The government has decided to lift the state of emergency declaration and pre-emergency measures against the novel coronavirus pandemic on Sept. 30.
The decision was based on the recent sharp decline in new COVID-19 cases, but opinions vary even among experts on why infections have abated.
There is no question that the growing vaccination rate has helped, but infections are resurging in some nations with higher vaccination rates.
This is no time for letting our guards down, and we must ensure that we are fully prepared for a “sixth wave.”
Of particular urgency is the need to rebuild the health care system, including securing temporary medical facilities as well as hotels and other accommodations for recuperation.
What systems and support measures should be implemented to make the most of local health care resources without disrupting routine services for non-COVID-19 patients?
Health minister Norihisa Tamura proposed during a TV appearance that front-line health care personnel take turns working at temporary medical facilities. But that is easier said than done.
In the Liberal Democratic Party’s presidential election debates, no clear course of action for addressing this pressing issue has been presented. Discussions must continue with health care providers and local government officials, who are directly involved.
Also, every effort must be maintained to ensure that the public is thoroughly informed of infection control measures.
With more children contracting the novel coronavirus lately, schools and day care centers are reporting cluster infections.
To minimize the spread, it is crucial that tests be conducted immediately and extensively as soon as the first positive case is confirmed.
The health ministry has authorized pharmacies to sell antigen testing kits for medical use over the counter.
Given the demand, this is an appropriate step. However, since the accuracy of the results from antigen tests differs from that of polymerase chain reaction (PCR) tests, the public needs thorough information on how to use them.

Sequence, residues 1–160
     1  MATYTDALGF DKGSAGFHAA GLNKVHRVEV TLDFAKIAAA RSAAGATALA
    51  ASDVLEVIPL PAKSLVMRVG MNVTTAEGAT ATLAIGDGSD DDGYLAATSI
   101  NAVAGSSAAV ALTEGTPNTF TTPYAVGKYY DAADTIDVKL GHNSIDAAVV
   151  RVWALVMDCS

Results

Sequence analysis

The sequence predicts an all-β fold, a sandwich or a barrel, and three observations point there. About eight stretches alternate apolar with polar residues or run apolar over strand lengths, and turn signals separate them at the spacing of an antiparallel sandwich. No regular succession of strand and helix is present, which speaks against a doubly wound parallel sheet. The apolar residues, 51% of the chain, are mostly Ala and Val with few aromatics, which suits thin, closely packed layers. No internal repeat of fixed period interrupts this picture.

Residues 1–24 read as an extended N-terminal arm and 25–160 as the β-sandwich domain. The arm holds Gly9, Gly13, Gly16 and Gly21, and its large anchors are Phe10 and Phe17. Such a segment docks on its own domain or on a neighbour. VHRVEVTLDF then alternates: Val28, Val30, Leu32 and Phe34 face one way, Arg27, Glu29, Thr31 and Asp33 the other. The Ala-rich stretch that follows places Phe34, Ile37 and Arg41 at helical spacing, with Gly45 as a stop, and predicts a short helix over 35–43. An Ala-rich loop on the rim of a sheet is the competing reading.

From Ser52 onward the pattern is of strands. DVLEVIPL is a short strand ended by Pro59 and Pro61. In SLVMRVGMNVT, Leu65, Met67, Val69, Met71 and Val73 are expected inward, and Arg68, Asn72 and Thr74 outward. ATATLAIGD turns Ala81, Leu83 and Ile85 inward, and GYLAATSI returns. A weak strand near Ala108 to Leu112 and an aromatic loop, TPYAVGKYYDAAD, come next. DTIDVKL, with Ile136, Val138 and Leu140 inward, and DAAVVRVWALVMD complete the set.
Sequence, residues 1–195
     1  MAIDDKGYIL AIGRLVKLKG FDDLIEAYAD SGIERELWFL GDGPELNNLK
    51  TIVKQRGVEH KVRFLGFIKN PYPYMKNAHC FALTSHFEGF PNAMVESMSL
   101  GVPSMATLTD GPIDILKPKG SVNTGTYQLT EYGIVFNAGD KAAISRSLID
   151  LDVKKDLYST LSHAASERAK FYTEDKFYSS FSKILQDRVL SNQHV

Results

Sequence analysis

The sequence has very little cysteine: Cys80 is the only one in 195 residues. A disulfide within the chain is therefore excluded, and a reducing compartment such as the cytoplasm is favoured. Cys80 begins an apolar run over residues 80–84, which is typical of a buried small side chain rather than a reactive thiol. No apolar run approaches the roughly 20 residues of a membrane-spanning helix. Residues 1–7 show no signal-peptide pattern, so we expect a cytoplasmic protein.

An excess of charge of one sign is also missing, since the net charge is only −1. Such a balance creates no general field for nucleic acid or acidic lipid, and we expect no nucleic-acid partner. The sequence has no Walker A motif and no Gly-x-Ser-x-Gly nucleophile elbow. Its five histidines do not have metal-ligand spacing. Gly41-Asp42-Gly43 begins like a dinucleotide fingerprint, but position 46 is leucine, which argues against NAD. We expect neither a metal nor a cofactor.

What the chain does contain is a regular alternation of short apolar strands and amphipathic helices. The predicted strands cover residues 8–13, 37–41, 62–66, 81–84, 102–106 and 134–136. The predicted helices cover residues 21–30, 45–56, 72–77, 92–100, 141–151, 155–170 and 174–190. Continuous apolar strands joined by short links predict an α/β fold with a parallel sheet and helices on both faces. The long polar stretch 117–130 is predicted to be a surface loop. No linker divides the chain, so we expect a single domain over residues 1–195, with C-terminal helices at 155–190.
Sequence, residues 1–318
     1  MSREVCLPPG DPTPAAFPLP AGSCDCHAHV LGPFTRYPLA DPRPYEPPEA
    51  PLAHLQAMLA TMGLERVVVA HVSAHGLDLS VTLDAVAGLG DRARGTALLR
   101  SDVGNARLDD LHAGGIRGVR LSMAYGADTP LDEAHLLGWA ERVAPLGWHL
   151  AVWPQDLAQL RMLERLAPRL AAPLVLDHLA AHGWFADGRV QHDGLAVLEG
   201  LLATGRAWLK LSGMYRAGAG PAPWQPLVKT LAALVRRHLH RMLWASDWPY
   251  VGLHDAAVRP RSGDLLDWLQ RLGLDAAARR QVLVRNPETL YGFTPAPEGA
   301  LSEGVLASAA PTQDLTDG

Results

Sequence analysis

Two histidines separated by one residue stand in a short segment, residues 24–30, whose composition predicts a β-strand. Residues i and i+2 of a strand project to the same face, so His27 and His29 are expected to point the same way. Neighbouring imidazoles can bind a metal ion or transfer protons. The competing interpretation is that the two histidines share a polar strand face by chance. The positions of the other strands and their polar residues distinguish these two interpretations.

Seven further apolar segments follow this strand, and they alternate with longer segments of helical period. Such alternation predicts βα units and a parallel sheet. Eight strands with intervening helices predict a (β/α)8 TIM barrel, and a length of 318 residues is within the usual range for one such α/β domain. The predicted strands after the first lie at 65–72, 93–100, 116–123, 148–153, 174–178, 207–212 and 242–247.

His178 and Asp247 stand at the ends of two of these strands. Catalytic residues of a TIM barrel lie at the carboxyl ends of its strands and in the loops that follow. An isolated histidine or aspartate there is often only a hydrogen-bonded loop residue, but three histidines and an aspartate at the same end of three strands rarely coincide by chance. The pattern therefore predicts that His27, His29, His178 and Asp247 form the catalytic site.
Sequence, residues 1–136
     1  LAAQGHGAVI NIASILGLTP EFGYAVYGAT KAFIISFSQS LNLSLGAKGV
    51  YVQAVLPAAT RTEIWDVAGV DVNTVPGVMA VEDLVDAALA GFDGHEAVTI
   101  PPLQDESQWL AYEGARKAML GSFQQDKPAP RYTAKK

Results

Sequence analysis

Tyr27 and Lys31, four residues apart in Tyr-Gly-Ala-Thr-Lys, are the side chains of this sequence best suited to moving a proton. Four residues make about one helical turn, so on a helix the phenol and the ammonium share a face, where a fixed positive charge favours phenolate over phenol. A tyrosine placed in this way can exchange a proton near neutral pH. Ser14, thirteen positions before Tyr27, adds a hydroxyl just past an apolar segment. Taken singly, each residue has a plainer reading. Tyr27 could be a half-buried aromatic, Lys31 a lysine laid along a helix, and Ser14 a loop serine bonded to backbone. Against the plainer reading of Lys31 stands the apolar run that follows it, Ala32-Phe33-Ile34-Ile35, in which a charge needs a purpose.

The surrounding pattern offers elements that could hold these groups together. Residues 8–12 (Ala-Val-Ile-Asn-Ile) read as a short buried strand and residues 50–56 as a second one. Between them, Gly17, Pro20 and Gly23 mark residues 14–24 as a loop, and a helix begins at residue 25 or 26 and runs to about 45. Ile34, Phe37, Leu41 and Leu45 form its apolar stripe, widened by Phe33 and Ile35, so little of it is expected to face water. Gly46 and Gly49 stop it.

With scientists and doctors warning of the risks of airborne infections, the importance of proper ventilation must be stressed anew.
The government must review infection prevention guidelines ahead of winter when people will be spending more time indoors.
The lifting of the state of emergency declaration and pre-emergency measures is bound to raise people’s expectations for a return to normal life. But any hasty action must be avoided at all costs.
Plans to ease restrictions on movements for those carrying certificates of vaccinations or negative tests must be conditional on a broad consensus in society.
The first step would be to hammer out the details of “verification tests” that are expected to begin shortly, so that potential problems can be identified from the data collected.
A lull in infections is an ideal time for exploring solutions to long-term issues.
Time-consuming processes for clinical trials for vaccines and medications emerged as a major problem, but it is a fact that no procedure can be changed overnight when it involves issues related to personnel resources, systems and history.
The same goes for creating a new organization or undertaking a massive legal revision.
To deepen discussions on these issues, a critical assessment of anti-coronavirus measures taken under the administrations of Shinzo Abe and Yoshihide Suga, which is long overdue, must be conducted to identify what went wrong and what lessons can be learned.
It is a heavy task that the next administration must take on.
–The Asahi Shimbun, Sept. 29